PHS students place in writing competition

Published 9:16 am Tuesday, July 9, 2019

By Connie Nolen / Community Columnist

“They’ll have a copy of your letter on the podium. I have a larger print copy that you can use if that helps nervous eyes,” I messaged to Anna Carden, PHS graduating senior and the State of Alabama’s Letters about Literature first-place winner.

“I may take you up on that larger print copy,” Carden replied.

Early the next morning at the University of Alabama’s Gorgas Library where the Alabama Center for the Book is located, seated beside her close friend and the second-place winner Lupita Aguilar, Carden said, “I want that large-print copy.”

Letters about Literature (LAL) is a writing competition sponsored by the Library of Congress that requires students to read, write and think critically. Each year, the prompt requires students to write letters to authors of books that have changed their perspective of the world or themselves.

Searching for LAL perspective-shifting books is the quest many of my students and I begin on our first day together. Students sometimes read dozens of books searching for the one that speaks to them. In the process, they’re studying the best writing practices that I could ever teach.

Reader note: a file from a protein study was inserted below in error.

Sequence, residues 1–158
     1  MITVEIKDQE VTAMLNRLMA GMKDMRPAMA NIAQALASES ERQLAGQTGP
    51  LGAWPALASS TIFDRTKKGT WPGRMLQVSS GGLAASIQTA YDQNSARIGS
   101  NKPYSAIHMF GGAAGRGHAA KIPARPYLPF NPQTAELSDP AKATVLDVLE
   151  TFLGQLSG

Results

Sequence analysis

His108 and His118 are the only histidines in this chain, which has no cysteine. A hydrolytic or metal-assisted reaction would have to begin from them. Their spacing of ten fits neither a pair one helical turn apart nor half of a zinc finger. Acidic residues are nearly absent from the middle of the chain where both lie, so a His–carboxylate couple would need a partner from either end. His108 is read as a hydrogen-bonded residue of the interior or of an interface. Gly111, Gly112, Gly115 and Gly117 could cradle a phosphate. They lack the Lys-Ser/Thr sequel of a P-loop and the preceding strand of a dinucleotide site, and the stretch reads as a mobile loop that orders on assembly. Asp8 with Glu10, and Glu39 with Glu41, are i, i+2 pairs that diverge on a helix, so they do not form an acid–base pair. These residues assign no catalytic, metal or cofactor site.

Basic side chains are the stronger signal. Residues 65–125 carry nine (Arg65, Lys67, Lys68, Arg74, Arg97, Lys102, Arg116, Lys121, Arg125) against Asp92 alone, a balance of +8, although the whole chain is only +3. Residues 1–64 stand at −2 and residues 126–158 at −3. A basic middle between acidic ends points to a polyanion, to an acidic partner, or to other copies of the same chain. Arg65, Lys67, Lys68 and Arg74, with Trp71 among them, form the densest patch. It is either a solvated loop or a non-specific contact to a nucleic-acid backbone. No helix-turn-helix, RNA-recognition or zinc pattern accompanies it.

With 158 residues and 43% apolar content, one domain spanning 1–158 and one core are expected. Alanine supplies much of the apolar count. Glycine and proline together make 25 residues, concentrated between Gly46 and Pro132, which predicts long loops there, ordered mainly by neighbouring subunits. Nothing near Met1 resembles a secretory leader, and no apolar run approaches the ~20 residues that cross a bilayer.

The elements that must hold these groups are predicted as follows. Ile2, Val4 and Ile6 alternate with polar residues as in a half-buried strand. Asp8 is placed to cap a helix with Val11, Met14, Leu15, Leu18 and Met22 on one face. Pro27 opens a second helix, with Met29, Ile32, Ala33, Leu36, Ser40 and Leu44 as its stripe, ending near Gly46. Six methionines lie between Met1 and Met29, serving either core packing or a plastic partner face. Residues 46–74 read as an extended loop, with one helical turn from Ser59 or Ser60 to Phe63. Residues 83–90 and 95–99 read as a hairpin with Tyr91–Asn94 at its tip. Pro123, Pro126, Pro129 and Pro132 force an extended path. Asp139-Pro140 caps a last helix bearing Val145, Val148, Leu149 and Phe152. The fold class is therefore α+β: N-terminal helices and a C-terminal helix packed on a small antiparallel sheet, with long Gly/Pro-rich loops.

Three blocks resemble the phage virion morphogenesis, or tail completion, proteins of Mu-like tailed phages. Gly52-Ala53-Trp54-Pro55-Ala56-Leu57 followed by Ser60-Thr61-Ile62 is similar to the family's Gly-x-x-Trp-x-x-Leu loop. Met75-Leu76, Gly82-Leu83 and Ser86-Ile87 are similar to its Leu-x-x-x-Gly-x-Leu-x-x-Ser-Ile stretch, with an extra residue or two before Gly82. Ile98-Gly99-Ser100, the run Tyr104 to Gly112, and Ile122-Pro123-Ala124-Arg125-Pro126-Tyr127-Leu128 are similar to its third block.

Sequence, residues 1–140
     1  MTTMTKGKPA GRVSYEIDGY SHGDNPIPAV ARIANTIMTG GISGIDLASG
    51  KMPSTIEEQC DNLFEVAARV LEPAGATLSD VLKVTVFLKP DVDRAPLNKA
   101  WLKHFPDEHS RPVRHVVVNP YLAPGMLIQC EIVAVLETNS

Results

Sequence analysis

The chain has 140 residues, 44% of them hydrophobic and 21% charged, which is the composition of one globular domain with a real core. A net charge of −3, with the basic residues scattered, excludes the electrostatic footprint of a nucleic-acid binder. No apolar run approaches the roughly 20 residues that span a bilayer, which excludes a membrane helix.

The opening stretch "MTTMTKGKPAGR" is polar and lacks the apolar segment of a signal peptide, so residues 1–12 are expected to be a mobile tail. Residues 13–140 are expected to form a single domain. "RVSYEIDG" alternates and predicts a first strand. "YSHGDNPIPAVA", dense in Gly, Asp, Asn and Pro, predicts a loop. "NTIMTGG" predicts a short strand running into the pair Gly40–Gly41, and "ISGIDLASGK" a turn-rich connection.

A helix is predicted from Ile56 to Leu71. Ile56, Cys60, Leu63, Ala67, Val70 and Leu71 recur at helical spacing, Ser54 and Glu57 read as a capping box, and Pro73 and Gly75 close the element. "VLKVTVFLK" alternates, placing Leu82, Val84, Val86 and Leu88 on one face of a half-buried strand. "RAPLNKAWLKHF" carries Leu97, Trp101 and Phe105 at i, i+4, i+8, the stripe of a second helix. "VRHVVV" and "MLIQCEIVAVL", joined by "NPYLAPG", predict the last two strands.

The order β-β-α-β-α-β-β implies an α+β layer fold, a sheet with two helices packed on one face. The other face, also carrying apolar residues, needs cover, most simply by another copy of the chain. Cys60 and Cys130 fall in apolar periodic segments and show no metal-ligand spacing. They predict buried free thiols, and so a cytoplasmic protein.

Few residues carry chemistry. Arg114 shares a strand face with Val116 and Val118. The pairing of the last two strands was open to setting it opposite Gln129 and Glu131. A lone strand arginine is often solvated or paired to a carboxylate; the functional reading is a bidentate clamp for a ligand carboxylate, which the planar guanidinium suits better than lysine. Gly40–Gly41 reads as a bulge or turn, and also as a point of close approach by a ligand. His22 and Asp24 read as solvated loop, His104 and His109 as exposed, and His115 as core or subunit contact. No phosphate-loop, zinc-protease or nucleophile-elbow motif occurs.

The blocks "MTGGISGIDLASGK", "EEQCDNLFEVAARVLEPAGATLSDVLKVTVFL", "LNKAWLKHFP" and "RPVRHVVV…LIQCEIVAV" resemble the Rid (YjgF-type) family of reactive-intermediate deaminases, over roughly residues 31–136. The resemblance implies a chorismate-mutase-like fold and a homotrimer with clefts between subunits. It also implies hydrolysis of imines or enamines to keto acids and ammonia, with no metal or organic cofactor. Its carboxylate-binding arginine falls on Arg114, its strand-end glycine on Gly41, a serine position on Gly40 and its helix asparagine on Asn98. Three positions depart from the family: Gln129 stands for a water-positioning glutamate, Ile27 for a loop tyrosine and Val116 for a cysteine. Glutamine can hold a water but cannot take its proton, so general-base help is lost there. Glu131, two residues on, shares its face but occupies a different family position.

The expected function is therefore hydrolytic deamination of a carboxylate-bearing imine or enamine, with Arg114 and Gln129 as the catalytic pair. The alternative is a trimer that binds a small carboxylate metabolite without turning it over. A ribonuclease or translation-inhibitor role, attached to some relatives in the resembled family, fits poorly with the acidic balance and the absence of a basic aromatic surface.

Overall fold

In the way that athletes watch film, writers read books. Reading books allows writing students to study the craft of writing both from the front row of the fifty-yard line and the ESPN Sports Center review the next day. Examining up close the detailed intricacies of the craft, students also reflect on the message, the theme, the underlying meaning—emanating from that crazy ego within all writers that promises that, if others can share our vision, the world will be a better place.

PHS students love competing in Letters about Literature. These past two years the Library of Congress has chosen nine out of twelve finalists on the high school level from Pelham High School entries. PHS students won second and third place last year—and first and second place this year. First-place winner, Carden reads her letter to the audience—revealing that an author helped her discover more about herself—making her world more manageable—and making Pelham very proud.